Friday, February 8, 2008

Smallball evaluation of LCCC's Research Skills Activity

I learned at NEFLIN's Feb. 6th "Measuring Your Impact" workshop that I am a smallball information literacy librarian.

"Teams with many home run hitters should play powerball, and teams with players who run fast and are adept at hitting the ball to particular spots are best suited to smallball. The worst thing to do is to attempt power baseball with smallball personnel, or vice versa." (Friedman, 2005)

SMALLBALL STRATEGY: According to the article "Smallball" Evaluation: A Prescription for Studying Community-based Information Interventions' (presented to us at NEFLIN's Measuring Your Impact workshop), there are two approaches to evaluating academic outcomes. The "powerball" approach is scientific, often incorporating complex statistical software, time-intensive surveys, and peer-reviewed interpretations. The drawback is that the approach that emphasizes outcomes may overlook the developmental steps that truly address users' needs. The "smallball" approaches, however, "conducted across the life cycle of an information intervention have the potential to tell interested parties what they really need to know, in time, to maximize the chances that a project can be successful. Often, smallball studies are more informative than definitive." (Friedman, p. S46)

SMALLBALL IS GOOD MENTAL PITCHING: This research is timely for me, at this point in LCCC's preparation for accreditation, because the library has been successful in refining the Research Skills Activity because of our smallball approach. Throughout each term, the reference and circulation staff stay alert to student feedback with every worksheet activity that is turned in. Every student must complete every question correctly before they are given the "Red Sticker" that validates their completion of the library orientation. If a student answers incorrectly, staff reviews the question and demonstrates how one would access the correct information. With every question and comment, we confer among ourselves:

  • Are the directions confusing? Should we change the language?

  • Should we add or delete content?

  • How do we highlight directional information that is critical to their navigational skills?

  • Have we chosen the databases that feature instructors' preferences?

  • Can we choose or add another question that better aligns the informational literacy skill with the library's and college's mission, long-term, and short-term goals?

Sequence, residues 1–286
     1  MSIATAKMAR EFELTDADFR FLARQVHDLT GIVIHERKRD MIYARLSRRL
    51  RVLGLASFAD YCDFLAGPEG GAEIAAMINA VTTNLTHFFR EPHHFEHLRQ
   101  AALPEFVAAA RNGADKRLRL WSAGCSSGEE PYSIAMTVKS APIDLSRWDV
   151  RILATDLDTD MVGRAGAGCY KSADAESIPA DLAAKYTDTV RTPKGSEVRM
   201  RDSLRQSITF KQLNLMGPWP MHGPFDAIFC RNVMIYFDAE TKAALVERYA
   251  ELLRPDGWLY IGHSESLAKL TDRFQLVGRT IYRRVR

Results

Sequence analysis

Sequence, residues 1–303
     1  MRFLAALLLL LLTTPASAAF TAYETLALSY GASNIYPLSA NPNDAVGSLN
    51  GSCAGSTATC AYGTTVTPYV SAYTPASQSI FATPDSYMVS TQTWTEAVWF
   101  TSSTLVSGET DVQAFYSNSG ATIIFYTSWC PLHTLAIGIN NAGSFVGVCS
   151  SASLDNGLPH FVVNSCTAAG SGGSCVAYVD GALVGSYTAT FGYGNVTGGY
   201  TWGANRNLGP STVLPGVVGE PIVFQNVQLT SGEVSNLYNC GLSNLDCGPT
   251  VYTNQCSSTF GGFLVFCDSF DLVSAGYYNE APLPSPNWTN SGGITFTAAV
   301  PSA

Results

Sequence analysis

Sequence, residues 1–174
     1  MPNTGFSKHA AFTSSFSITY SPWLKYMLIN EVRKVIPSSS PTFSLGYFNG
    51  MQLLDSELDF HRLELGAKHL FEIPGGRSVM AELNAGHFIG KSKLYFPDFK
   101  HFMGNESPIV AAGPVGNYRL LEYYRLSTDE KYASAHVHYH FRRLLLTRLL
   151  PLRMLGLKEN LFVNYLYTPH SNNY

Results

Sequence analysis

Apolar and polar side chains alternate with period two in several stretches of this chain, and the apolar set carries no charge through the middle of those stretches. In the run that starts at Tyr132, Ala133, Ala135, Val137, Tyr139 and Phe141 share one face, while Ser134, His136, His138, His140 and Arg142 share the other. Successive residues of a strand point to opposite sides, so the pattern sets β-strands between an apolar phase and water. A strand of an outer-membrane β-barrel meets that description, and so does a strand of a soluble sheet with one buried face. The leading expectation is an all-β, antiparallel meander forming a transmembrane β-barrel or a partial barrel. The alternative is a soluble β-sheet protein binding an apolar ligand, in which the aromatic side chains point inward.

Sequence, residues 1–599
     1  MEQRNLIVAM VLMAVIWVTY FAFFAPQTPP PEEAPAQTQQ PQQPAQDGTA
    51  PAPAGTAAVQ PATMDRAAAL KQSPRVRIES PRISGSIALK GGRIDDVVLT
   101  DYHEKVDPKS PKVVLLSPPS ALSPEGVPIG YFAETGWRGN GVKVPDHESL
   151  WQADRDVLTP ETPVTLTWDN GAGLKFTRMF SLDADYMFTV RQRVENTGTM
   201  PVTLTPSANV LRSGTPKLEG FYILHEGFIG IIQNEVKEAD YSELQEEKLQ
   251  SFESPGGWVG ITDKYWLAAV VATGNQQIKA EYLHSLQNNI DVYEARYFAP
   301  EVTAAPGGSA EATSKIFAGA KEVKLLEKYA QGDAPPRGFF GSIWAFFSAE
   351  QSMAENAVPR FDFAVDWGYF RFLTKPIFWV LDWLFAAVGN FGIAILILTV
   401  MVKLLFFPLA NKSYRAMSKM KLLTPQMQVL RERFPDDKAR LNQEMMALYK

SPEED AND TIMING: Our on-going evaluations are driven by students' everyday feedback, and our speedy interventions. To date, we have revised the Research Skills Activity every term since 2001, and regularly revise it three or four times during the term. We also customize the activity to highlight appropriate databases for specific disciplines, and request that students complete a short evaluation of the activity.

WE DON'T PLAY GORILLA BALL: We have not found any logical reason to keep records of "incorrect answers" that we tally at the end of the term, to compare results of answers of online vs. face-to-face instruction, or any other definitive, empiracle study. Although I have seen larger library staff at other community college libraries implement some "powerball" approaches to evaluating their information literacy instruction, this is beyond the scope of a one-librarian operation.

BUNTING OFFENSE: Our flow chart of developing and evaluating the Research Skills Activity & Plagiarism Tutorial is a process of definite steps in which we can respond to immediate needs, quickly re-design and implement the activity, and observe responses of the library user. The process is a self-correcting system that intervenes in time to assist the library user to be successful at the point of need.

INFORMED BY OTHER SMALLBALL PLAYERS: The process is more than just casual observations. We conduct focused evaluations that allow immediate feedback to impact the process, and undertake interventions that suit the "smallball" reference staff. We keep abreast of ACRL's publications and standards to inform the instructional design of information literacy. National (ALA, ACRL) and regional (NEFLIN, CCLA) professional development opportunities align LCCC's reference staff with a shared mission to make it possible "for students to better achieve what they have come to do: conduct good research that will facilitate their sucess in college." (Veldof, 2006) Professional contacts at regional workshops are especially important for the one-person reference department that has fewer daily opportunities to exchange ideas about instructional design and evaluations.

BASEBALL LOGIC: Yes, "swinging for the fences" may be an exciting strategy, but with smallball personnel (limited library resources), we advance our runners (students) by hitting the ball in particular directions (immediate personal attention), and assuring that that they arrive safely at the next "base" (level) in their informational literacy research skills. Continued collaboration with instructors and students, and seasonal training assures our team of effective smallball strategies!

1. Friedman, Charles. (2005). Smallball evaluation: a prescription for studying community-based information interventions. Journal of Medical Library Association. Supplement, Vol. 93, p43-48.

2. Veldof, Jerilyn. (2006). Creating the one-shot library workshop - a step-by-step guide. Chicago: ALA.

3. Bunting image. Retrieved Feb. 8, 2008.